In her spare time Talia enjoyed all kinds of after-school activities, particularly physical ones like karate, where she would quickly make new friends, was able to release her energy and to achieve as well as the next child. As she grew up, watching television became her preferred pursuit when alone though there were periods when she “ate up” books.
What it was like to learn in primary school
Meanwhile she continued in her local religious elementary school, the same one where her brothers had studied and which we knew had its pros and cons. Socially, though, we knew she was happy, with plenty of friends. I now realize that she learnt very little there. She was taken out from time to time for extra tuition but this was probably painful for both sides. Looking through her school reports, I see how the teachers’ lack of understanding and disillusion with her grew from term to term. To quote:
”Tidiness: Try to keep your notebooks tidy and clean.
Concentration: You have to improve your concentration.
Participation: Try to participate more in lessons.
Torah: You have to practice and go over work learnt in class.
Reading comprehension and writing expression: You need to read more and improve your understanding.”
We have found a video taken six months into first grade, when all the children were awarded their first siddur (prayer-book) as a sign of being able to read. This is always a happy ceremony for the children and a proud one for the parents. There we see Talia, already one of the tallest in the class, excitedly joining in with her class-mates in the show they had prepared. However not only did she fidget a lot but also scratched her head, particularly whenever she was performing. Suddenly sharp memories of the incident returned to me. I remember later searching for lice- but finding nothing. Now I am sure these were early manifestations of the psoriasis which plagued the second half of her life. The sad thing is that I can’t even tell her what I have discovered, nor how I understand….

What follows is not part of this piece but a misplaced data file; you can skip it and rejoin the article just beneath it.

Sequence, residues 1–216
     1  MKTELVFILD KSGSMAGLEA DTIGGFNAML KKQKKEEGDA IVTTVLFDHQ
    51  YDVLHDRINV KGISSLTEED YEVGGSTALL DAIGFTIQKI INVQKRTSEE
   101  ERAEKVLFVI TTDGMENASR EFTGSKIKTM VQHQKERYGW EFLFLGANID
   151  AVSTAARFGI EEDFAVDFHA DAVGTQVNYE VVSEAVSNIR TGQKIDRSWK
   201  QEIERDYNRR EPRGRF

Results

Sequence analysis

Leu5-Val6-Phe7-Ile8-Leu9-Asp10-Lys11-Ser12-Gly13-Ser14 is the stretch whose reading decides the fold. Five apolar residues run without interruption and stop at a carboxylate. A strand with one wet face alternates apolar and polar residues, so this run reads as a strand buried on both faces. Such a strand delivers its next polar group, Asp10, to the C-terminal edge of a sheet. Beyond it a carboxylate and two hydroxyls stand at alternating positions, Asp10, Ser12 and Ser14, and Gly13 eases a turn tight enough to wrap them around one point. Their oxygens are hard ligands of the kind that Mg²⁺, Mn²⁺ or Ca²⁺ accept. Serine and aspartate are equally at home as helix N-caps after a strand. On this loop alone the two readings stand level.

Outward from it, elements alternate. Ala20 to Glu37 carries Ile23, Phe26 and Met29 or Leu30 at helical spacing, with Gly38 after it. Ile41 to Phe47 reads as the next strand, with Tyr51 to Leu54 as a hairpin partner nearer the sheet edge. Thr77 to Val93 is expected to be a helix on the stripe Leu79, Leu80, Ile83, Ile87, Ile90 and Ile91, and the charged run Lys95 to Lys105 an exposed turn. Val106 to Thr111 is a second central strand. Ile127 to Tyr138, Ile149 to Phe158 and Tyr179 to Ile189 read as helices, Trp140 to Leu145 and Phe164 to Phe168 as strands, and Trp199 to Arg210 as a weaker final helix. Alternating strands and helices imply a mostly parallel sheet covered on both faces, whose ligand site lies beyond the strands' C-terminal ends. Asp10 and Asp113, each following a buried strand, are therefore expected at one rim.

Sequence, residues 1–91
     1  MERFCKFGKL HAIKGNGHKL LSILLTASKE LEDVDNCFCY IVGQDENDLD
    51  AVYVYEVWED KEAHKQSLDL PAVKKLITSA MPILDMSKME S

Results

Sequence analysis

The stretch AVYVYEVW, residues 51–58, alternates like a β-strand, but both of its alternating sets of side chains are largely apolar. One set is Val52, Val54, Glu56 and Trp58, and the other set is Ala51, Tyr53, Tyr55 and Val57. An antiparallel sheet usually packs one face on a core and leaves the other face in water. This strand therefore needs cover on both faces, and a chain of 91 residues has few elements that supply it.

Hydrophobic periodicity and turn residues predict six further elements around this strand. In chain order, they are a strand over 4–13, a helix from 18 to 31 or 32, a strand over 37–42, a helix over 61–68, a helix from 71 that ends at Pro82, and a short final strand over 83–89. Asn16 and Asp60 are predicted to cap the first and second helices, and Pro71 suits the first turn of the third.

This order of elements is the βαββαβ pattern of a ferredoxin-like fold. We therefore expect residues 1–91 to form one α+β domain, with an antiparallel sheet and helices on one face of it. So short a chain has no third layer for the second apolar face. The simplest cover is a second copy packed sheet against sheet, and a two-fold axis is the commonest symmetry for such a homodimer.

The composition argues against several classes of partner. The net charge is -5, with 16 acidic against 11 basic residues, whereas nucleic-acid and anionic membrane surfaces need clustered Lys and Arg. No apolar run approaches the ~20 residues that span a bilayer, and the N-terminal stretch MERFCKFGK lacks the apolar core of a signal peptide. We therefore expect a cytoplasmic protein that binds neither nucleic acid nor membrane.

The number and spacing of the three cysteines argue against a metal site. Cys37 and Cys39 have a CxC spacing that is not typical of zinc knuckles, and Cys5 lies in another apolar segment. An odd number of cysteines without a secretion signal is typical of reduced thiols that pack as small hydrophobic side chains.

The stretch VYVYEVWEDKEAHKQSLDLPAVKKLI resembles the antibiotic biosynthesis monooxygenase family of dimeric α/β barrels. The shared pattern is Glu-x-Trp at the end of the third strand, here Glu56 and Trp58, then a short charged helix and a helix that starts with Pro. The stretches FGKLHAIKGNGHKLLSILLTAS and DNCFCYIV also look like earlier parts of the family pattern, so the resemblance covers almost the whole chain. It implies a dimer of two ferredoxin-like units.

The same teacher continued to teach Talia in second grade, by which time she had been tested and found to be “dyslexic”. The two school reports from second grade were encouraging and fair. When I read them, I want to cry with gratitude for here was a teacher who tried to understand. However, the situation did not continue; ironically her class teacher in third grade had earlier been the school’s special needs teacher!
”Tidiness-B/C”(it was rare for a child to get a B grade, and almost unheard of for a teacher to give a C grade).
Participation: You must listen and participate in lessons-B.